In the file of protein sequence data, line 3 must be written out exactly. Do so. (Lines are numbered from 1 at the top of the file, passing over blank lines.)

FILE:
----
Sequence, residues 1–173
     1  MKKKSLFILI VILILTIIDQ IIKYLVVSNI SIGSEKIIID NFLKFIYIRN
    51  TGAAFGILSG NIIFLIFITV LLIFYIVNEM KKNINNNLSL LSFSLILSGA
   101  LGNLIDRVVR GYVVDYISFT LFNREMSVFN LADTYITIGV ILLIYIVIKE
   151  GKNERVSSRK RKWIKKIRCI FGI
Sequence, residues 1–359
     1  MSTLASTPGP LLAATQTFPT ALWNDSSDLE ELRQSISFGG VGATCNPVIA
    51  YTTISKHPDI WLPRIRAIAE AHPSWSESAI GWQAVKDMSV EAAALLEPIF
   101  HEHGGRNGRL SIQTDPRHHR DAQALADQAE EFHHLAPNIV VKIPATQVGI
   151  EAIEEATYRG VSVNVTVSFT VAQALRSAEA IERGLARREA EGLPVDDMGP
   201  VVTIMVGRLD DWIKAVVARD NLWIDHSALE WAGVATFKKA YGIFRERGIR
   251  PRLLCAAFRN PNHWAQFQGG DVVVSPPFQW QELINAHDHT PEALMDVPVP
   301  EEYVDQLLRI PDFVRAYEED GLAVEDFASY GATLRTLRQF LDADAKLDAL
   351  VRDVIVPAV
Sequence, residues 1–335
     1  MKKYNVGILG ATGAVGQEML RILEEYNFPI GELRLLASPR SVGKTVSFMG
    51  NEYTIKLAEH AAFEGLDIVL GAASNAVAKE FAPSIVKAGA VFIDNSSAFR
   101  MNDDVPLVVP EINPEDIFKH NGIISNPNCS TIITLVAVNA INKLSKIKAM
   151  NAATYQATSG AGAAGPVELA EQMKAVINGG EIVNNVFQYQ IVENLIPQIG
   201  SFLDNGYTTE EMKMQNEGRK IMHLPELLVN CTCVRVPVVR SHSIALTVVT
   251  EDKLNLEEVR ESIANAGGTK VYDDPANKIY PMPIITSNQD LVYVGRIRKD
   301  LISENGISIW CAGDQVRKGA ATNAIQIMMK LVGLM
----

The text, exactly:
    51  TGAAFGILSG NIIFLIFITV LLIFYIVNEM KKNINNNLSL LSFSLILSGA